Spotlight understood this necessity for compromised heroes. It derived its energy from the guilt The Boston Globe reporters felt about the coverup of priests’ sexual crimes. Obviously, the paper was not responsible for the child abuse, but they felt they fell short in their watchdog duties by not connecting the dots/seeing the extent of the issue earlier. Without this guilt, the movie would just be bad priests versus noble reporters, the kind of simplistic storytelling we expect out of Superman, not Oscar winners.
Unfortunately, The Post includes no such complexity. While we see that Katherine Graham (Meryl Streep) worries about losing her paper and betraying a friend should she publish the Pentagon Papers, we don’t care about her kids/her family’s legacy/the other stories that might never get told without her paper if it folds. Nixon and his White House are portrayed in comically bad terms, which obviously resonates with those of us who feel the White House is in similar peril now. But we’re talking film making. And while in life there are clear right-versus-wrong conflicts, they don’t make for good cinema. If we at least got what it cost her just to carry on with that paper in the face of her husband’s loss, we’d understand more of Graham’s potential sacrifice. But Spielberg relies on Meryl Streep to deliver too much of this import, and a few throwaway lines don’t cut it.
Perhaps there IS no way to tell this specific story without it appearing so black and white, or at least it seems so in 2018. But I think the key was to let us see more of Graham’s history or even guilt–even if that guilt was considering NOT publishing, however briefly. By acting as if all of her concerns weigh on her equally (the revenue of the publication, her friendship with McNamara, her family’s legacy, soldiers in Vietnam dying), Spielberg may play up the drama of the decision, but he cheapens her thought process, doesn’t allow us to see the struggle against self-interest and rationalization. We therefore see her as more of cypher, and her decision as waffling and random.
That said, it’s a tribute to Spielberg that he still makes the film–and her–so fun to watch. But with a little more Capra viewing, maybe he’d make his heroes and heroines just a little less glowing, just a little more like the rest of us: rusty people, with great potential for more.
The Ending of Casablanca
Typically, Spielberg has a beautiful ending about a half hour before the actual conclusion of his movies, and instead of stopping there, he just keeps going. The peak excitement in The Post is in the decision to print, not in the aftermath, so why does the film continue? A few lines on the screen would have worked better. (Although the VERY end of The Post is too on point, I do appreciate the humor.)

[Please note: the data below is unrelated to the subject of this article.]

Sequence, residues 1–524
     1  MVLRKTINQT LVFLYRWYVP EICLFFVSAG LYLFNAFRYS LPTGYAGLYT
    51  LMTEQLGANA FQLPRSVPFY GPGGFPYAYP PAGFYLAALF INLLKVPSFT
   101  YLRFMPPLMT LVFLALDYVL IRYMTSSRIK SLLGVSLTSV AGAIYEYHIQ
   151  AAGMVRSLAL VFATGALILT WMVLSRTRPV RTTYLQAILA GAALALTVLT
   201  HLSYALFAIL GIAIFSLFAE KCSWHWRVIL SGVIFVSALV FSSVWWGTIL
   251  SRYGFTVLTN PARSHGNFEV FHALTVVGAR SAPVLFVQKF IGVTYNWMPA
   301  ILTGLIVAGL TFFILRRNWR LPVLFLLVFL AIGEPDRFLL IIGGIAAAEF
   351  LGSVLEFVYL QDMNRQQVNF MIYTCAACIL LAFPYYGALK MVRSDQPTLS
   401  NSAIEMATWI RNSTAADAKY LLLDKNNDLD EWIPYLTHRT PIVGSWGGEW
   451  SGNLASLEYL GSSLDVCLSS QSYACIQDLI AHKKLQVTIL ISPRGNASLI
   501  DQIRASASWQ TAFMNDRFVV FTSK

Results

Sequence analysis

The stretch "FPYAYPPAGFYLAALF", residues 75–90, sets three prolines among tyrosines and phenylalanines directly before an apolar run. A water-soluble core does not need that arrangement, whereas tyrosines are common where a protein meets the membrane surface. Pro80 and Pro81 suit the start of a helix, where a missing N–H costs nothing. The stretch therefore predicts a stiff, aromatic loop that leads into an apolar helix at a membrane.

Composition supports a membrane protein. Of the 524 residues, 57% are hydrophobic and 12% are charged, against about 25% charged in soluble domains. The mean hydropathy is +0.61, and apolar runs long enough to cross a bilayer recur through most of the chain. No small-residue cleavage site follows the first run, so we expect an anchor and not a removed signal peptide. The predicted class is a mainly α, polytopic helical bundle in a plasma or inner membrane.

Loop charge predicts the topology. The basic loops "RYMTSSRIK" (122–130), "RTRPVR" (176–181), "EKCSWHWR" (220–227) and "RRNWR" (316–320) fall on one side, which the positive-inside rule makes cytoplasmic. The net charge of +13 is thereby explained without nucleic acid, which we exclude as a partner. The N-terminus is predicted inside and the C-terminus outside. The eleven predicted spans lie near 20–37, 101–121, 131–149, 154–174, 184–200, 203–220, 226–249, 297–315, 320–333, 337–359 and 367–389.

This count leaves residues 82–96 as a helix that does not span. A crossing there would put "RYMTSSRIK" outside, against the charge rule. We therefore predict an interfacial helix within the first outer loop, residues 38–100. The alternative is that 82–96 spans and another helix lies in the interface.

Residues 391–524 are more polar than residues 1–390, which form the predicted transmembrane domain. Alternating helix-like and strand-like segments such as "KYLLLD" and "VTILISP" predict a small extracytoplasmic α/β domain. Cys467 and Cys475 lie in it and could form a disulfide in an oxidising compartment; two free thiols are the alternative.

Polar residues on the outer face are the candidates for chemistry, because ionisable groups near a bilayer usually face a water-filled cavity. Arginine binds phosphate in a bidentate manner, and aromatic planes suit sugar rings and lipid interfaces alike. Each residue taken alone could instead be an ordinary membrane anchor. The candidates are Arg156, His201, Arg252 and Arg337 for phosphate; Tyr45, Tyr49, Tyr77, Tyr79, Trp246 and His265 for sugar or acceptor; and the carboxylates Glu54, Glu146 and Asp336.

I wish Spielberg would rewatch Casablanca: The hero says his final words; the heroine expresses hers.
The heroine gets on the plane, it takes off, and the hero gets a funny final line. Done. Bows are unnecessary.
Why can’t Spielberg trust his viewers to get it, as director Michael Curtiz did? Why must Spielberg underline, add exclamation points? I don’t need extreme subtlety, but I don’t need words across the sky either.
The Post is still so good–fascinating, rousing, entertaining, a great history lesson, beautifully acted. I loved both Tom Hanks and Meryl Streep in it. I wanted to dwell longer in this world, wanted more time with Ben Bradlee (Hanks) in particular. I loved the mechanics of the press, the feel of the newsroom. The film is a pleasure to watch, and so meaningful in its message. Yes, it’s good. But with Spielberg at the helm, with a harsher red pen, it could have been so much more.
The Color Purple
Before I conclude, there is one final film I’d like Spielberg to view, if I got my wish.
The Color Purple is perfect. No false notes. All complexity (even the bad guy has some heart, and redemption). No extra half hour of cheesiness. (And talk about #MeToo!) Please, Steven. Watch it. See what you got right when you directed it. Replicate.
*I should say that The Post is an unusually restrained film for Spielberg music-wise, for which I’m grateful.